There was a time you literally could not tell a book by its cover.
All my school text books were covered in brown paper bags to keep them safe and clean.
Some of my covers were very creative. Those were the subjects I loved. Others … not so much.
I learned this is also true for the many people whose paths we cross on our life’s journey.
All my life I had a picture in my head of what frum (religious) women would look like and act like. Boy was I wrong. I personally know some religious women who are the coolest, worldliest, funniest and most beautiful women I know.
Then there are the folks who are in certain jobs, wearing certain uniforms signifying these jobs. Boy was I wrong again.
So, I am strolling down main street of the MJCCA, chatting it up with Jeffrey, who joined our support services staff about a year ago. Now here is a surprise you are gonna love.
Dr. Jeffrey Jenkins, yes, I said Dr. Jeffrey Jenkins, did indeed join our support services staff approximately one year ago. Jeffrey was one of seven children. When he was 4 years old, his neighbor, the Rubin family’s son, needed someone to intercept letters he was receiving from his girlfriend. He did not want Daddy Rubin to know about these ‘love’ letters. He taught Jeffrey to read in order to pick these letters out of the mailbox before anyone spotted them. Problem solved.
Jeffrey entered kindergarten already reading. The Rubins, the first Jewish family he knew, were great neighbors and friends. The Rubins influenced Jeffreys’ life in many significant ways. Jeffrey feels blessed to have had them in his life.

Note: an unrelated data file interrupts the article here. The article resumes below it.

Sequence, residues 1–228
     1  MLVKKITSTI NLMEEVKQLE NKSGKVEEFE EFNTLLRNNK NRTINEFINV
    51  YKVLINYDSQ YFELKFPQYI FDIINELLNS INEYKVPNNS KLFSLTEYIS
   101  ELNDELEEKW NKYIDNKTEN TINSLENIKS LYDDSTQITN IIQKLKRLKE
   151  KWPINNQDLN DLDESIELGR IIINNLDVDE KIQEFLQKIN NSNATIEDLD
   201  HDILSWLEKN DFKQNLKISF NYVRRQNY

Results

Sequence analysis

In 1976 Jeffrey earned his Ph.D. at the age of 29. He was the first person from Savannah State College, where he earned his M.Ed., to go on to earn a Ph.D., graduating top in his class.
Jeffrey retired from his beloved position as a professor of American history and economics at Savannah State at the young age of 52. For the next eight years, the Savannah Public Library system was clever enough to lure him into a position as library system administrator, while still working as an administrator for a local nursing home.
Did I mention Jeffrey bought his parents a home in 1965, paying $69.23 a month for many months? His tribute and thank you to the two most inspiring people in his life.
This is not a man to sit on his laurels!
However, he finally acted on an urge to reconnect with his past.
“I felt a pull to return to my Jewish ‘roots.’” Don’t get confused; Jeffrey is not Jewish. He worked for JEA, the Jewish Educational Alliance for 10 years.
Their loss, our gain.
His children and grandchildren live in Atlanta; he knew this is where he wanted to ‘retire.’ His wife Davida, who is with Emory, and Jeffrey spend every moment available to them with their family.
Jeffrey shared with me what his association with the Jewish people has taught him: “Jewish people set an example for the world – a good education, love and family is most important. Be brave; if you work hard in America, you can be successful. The Jewish people have been good to me and my family”.
Folks, the memory of those brown paper bags I used as book covers came in handy when I met Dr. Jeffrey Jenkins.
Lesson to remember: You can never tell a book by its cover.